Comment


                  • #10
                    Agree Bodger, Make em and use em.

                    Comment


                    • #11
                      The object of "parallel" is if mates are matched for size and all are parallel. Everything else is preferential even straightness - if th error isn't excessive. They don't even have to be a particular size; merely parallel half a$$ straight, and the height you need at the moment.

                      For years in my home shop I got along fine with cold rolled steel rectangles. When I first set up I asked a local steel supplier to set aside rems for me and when he got to a ton, call me. In among the rems was a good selection of cold rolled flats and rectangles. Laid out yight together and there was mayne 3 frrt of shelf taken up - maybe a hundred pounds or more of make do set-up tooling. Mike them and they are pretty parallel and even flat and straight. A little judicious dressing with a file and a stone and some scientific peening to straighten and I hade a hell of a collection of parallels all for scrap price. (This was 1971 when steel was cheap.)

                      Anyway, satisfactory home brew parallels are very possible but results depend on the care and foresight with which you make them and since they are soft, the care you employ when you use them - and dress the dings and burrs as you make them.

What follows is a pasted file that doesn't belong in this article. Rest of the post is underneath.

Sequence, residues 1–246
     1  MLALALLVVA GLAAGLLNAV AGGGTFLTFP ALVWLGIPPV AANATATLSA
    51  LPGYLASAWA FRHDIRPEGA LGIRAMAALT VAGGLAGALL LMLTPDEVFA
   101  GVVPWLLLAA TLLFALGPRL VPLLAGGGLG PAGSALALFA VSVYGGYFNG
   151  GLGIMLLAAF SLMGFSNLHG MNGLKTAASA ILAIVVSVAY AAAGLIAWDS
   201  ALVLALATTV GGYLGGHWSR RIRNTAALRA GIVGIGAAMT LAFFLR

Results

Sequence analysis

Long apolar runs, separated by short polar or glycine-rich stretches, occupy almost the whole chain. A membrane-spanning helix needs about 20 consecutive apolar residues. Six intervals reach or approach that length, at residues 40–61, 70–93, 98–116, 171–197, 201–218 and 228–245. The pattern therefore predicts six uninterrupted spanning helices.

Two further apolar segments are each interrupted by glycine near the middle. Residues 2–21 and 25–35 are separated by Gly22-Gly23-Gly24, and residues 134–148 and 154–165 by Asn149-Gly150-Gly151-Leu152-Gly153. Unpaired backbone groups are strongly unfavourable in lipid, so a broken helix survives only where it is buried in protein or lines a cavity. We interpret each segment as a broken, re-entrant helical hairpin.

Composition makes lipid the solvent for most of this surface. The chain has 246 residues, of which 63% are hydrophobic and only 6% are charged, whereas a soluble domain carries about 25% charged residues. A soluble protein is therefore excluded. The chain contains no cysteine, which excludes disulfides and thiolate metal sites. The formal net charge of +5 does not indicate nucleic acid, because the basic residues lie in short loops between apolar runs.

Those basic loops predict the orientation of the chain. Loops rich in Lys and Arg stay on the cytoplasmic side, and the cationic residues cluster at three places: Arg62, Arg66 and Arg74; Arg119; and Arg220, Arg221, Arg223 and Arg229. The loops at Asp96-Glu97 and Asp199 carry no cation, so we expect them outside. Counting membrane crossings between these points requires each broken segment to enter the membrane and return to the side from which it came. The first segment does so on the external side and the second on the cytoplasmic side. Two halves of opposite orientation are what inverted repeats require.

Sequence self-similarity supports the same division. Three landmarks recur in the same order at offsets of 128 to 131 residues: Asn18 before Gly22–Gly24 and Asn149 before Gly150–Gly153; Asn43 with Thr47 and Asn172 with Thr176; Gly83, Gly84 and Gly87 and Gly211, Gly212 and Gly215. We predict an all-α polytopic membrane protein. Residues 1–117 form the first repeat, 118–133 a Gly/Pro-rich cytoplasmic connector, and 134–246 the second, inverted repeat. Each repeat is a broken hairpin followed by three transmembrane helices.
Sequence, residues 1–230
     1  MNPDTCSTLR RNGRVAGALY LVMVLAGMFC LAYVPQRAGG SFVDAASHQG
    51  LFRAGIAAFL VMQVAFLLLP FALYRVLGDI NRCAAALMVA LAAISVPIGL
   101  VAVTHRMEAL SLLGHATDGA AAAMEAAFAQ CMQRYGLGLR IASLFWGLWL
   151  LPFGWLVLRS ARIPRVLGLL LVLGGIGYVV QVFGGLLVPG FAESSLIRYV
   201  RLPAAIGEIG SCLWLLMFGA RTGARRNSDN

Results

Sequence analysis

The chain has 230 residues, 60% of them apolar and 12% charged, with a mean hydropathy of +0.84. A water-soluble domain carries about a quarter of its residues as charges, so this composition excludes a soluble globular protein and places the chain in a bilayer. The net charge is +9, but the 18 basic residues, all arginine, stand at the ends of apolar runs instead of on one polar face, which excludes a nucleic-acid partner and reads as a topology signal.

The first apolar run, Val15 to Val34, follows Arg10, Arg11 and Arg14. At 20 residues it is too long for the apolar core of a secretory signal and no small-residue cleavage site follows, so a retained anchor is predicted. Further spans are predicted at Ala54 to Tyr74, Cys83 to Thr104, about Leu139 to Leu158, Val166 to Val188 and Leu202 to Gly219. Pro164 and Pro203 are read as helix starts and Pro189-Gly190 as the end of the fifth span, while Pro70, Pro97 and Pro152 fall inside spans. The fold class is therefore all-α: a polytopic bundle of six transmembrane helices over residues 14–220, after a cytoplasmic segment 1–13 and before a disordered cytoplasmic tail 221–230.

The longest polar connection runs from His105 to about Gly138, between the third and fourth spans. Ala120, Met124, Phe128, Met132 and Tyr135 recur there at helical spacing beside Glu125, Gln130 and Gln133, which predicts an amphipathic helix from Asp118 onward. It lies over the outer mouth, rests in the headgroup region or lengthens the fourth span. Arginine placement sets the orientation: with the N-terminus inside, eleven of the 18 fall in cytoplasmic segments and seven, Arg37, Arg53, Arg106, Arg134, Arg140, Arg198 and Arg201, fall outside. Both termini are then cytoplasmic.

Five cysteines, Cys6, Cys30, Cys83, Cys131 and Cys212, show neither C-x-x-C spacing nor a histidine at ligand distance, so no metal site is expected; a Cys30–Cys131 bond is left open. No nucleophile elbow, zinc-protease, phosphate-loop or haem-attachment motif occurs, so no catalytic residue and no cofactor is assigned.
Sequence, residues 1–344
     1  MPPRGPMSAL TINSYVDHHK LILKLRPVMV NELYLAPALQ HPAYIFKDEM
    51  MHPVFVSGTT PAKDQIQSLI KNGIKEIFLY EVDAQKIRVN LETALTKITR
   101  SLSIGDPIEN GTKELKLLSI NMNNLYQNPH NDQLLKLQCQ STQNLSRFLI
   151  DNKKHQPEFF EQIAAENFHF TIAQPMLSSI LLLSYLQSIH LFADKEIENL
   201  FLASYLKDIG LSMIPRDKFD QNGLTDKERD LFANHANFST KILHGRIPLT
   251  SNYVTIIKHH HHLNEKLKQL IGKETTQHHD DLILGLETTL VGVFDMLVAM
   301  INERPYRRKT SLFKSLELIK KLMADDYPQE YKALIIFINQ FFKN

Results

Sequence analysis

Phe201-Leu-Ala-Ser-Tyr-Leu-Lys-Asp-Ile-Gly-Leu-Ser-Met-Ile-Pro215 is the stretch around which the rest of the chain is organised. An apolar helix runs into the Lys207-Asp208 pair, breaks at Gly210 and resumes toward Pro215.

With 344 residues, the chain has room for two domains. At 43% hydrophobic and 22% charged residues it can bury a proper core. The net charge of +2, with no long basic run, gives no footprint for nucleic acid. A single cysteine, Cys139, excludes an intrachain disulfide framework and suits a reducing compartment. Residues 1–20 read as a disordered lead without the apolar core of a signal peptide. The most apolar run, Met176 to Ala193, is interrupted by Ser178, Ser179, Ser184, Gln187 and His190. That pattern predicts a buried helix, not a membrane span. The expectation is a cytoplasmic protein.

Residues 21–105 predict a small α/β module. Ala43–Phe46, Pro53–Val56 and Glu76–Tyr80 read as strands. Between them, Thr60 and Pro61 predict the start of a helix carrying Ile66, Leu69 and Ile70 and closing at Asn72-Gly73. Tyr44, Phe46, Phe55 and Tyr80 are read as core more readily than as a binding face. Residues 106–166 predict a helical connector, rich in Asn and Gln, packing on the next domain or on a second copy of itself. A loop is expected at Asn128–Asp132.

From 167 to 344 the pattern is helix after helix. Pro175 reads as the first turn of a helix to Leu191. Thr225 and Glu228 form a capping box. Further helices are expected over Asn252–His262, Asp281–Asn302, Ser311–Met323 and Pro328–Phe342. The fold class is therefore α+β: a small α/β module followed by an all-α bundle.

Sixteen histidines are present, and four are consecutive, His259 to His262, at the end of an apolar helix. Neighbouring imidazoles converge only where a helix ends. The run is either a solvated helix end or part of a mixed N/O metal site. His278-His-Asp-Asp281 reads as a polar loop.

Nowadays in the epoch of cheapo imports I have several thickness sets of hardened and ground parallels but the cold rolled steel ones still have a place.

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                      • #12
                        If they are parallel with in 0.0005 they are good enough for any thing you will do. Even .001 will be alright . I have plenty of home made parallels and they all work just fine. You aren't building rocket ships are air planes. Use them .
                        Every Mans Work Is A Portrait of Him Self
                        http://sites.google.com/site/machinistsite/TWO-BUDDIES
                        http://s178.photobucket.com/user/lan...?sort=3&page=1

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                        • #13
                          I think what Bodger is driving at is that, like soft-jaws on a lathe, his 'parallels' are machined in situ, and therefore necessarily true to the spindle. Repeatability is another question.
                          Last edited by Bryan B; 04-15-2012, 09:09 PM.

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                          • #14